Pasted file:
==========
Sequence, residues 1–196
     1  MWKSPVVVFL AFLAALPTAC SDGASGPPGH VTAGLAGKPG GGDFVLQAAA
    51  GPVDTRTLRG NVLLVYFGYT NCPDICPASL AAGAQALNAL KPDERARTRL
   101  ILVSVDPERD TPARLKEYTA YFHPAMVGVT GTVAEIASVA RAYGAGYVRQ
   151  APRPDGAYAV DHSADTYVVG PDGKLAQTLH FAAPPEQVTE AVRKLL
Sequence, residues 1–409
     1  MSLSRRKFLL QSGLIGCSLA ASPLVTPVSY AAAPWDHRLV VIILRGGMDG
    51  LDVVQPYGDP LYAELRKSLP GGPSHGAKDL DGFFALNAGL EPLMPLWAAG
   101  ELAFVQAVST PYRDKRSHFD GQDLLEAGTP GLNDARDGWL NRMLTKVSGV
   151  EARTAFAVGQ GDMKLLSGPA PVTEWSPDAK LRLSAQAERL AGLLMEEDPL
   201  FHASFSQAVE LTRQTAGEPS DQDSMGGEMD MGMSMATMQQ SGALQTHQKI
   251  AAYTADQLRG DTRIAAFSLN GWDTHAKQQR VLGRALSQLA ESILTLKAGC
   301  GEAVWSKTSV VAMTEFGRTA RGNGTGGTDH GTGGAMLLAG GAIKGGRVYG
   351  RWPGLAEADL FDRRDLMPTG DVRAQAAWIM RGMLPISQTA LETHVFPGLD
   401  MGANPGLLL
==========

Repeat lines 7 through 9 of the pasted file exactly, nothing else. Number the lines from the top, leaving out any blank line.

     1  MSLSRRKFLL QSGLIGCSLA ASPLVTPVSY AAAPWDHRLV VIILRGGMDG
    51  LDVVQPYGDP LYAELRKSLP GGPSHGAKDL DGFFALNAGL EPLMPLWAAG
   101  ELAFVQAVST PYRDKRSHFD GQDLLEAGTP GLNDARDGWL NRMLTKVSGV